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Publication numberUS3335392 A
Publication typeGrant
Publication dateAug 8, 1967
Filing dateJul 19, 1965
Priority dateJul 19, 1965
Publication numberUS 3335392 A, US 3335392A, US-A-3335392, US3335392 A, US3335392A
InventorsElliott Howard A
Original AssigneeEssex Wire Corp
Export CitationBiBTeX, EndNote, RefMan
External Links: USPTO, USPTO Assignment, Espacenet
Terminal construction
US 3335392 A
Images(1)
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Description  (OCR text may contain errors)

1967 H. A. ELLIOTT 3,3353% TERMINAL CONSTRUCTION Filed July 19, 1965 United States Patent 7 3,335,392 v TERMINAL CONSTRUCTION Howard A. Elliott, Detroit, MICIL, assignor to Essex Wire Corporation, Fort Wayne, Ind., a corporation of Michigan Filed July 19, 1965, Ser. No. 473,111 6 Claims. (Cl. 339-97) This invention relates to terminal connectors particularly adapted for connection to wire wound-type ignition cables for automobiles.

One object of this invention is to provide an improved terminal connector formed of sheet metal or the like having a ferrule-forming portion and an electrical connector portion, the ferrule-forming portion including a base and prongs extending from said base for engaging with and retaining an ignition cable that comprises a central core of electrical conductive material enclosed by an insulating sheath, there being two spaced tabs extending from the base in parallel relationship to one another, the tabs being disposed between the prongs and being aligned transversely with respect to one another, the prongs being crimped onto the sheath of the ignition cable for causing the tabs to penetrate the sheath and firmly connect the ferrule-forming portion of the terminal connector to the ignition cable in electrical contact with the central core of electrical conductive material therein.

Another object of this invention is to provide an improved terminal connector for ignition cables that provides consistently reliable electrical connections. These and other objects of this invention will become more apparent hereinafter.

The specific details of the invention and their mode of functioning will be made most manifest and particularly pointed out in clear, concise and exact terms in conjunction with the accompanying drawings, wherein:

FIGURE 1 is a perspective view of a terminal connector embodying my invention and a length of wire wound resistance core ignition cable mechanically and electrically connected with the terminal connector;

FIGURE 2 is a side view of the terminal connector of FIGURE 1 prior to connection to the ignition cable;

FIGURE 3 is a top view of the terminal connector of FIGURE 1 prior to connection to an ignition cable;

FIGURE 4 is an end view of the terminal connector taken generally along the line 4-4 of FIGURE 3;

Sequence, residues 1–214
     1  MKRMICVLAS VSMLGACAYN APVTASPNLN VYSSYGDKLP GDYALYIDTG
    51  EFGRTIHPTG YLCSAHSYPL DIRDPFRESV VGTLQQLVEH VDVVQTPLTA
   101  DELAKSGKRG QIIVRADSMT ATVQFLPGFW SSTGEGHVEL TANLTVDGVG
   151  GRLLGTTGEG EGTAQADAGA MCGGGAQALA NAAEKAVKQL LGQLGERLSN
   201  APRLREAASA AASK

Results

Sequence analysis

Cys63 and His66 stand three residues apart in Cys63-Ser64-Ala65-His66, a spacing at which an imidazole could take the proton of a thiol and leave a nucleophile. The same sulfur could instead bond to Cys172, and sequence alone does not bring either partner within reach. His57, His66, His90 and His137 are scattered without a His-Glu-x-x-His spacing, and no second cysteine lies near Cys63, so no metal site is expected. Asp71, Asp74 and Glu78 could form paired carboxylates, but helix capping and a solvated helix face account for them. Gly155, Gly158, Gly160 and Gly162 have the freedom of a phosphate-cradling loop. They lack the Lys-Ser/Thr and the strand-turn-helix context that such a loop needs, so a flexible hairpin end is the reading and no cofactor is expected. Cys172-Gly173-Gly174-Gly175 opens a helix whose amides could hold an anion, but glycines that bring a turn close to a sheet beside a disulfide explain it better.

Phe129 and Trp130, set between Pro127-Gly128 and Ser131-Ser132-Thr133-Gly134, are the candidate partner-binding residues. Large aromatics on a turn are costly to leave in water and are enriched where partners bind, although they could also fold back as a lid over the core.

FIGURE 5 is a cross-sectional view taken generally along the line 55 of FIGURE 1 and illustrating the connection of the terminal connector to the ignition cable;

FIGURE 6 is a perspective view of another form of terminal connector embodying the principles of the present invention;

FIGURE 7 is a side view of the terminal connector of FIGURE 6 prior to connection to the ignition cable;

FIGURE 8 is a top view of the terminal connector of FIGURE 6 prior to connection to an ignition cable;

FIGURE 9 is a top view of the modified terminal connector taken generally along the line 9-9 of FIGURE 8;

FIGURE 10 is a cross-sectional view of the assembled terminal connector and ignition cable taken generally along the line 1010 of FIGURE 6, and

FIGURE 11 is a side view of another modified form of terminal connector.

Referring to the drawings, there is illustrated in FIG- URE 1 an ignition cable 10 having afiixed to the marginal end thereof a terminal connector 12 embodying the principles of the present invention. The ignition cable 10, which is adapted to be connected at one end to a spark plug and at the other end to the distributor in an automobile is comprised of a glass fiber core '14 over which is applied a resinous coating containing magnetic "ice ferrite particles. The resinous coating may be made from chloro-sulfonated polyethylene known commercially as Hypalon. A fine electrical conducting wire 16 is wound over the core. The wire 16, which is preferably made from Monel, may be coated with a layer of a semi-conductive material, such as semi-conductive neoprene. The core means is insulated by a pliable sheath comprising a rubber layer 18 and an outer jacket 20 of neoprene or chloro-sulfonated polyethylene.

The terminal connector 12 is comprised of an electrical connector portion 22 and a ferrule-forming portion 24. The electrical connector portion 22 is generally tubular and is defined by a pair of arm portions 23 that are adapted to be connected to a spark plug. Spherical portions 23 are stamped in each arm portion to facilitate engagement with a distributor terminal. The ferrule-forming portion is comprised of pairs of longitudinally spaced ears or prongs 26 and 28 for making both electrical and mechanical connection to the ignition cable 10. The prongs 28, which extend from the base of the ferrule-forming portion 24, are adapted to be crimped over and engaged with the sheath of the ignition cable for mechanically connecting the terminal connector to the ignition cable. The prongs 26 are similarly adapted to be crimped over to firmly engage the ignition cable 10.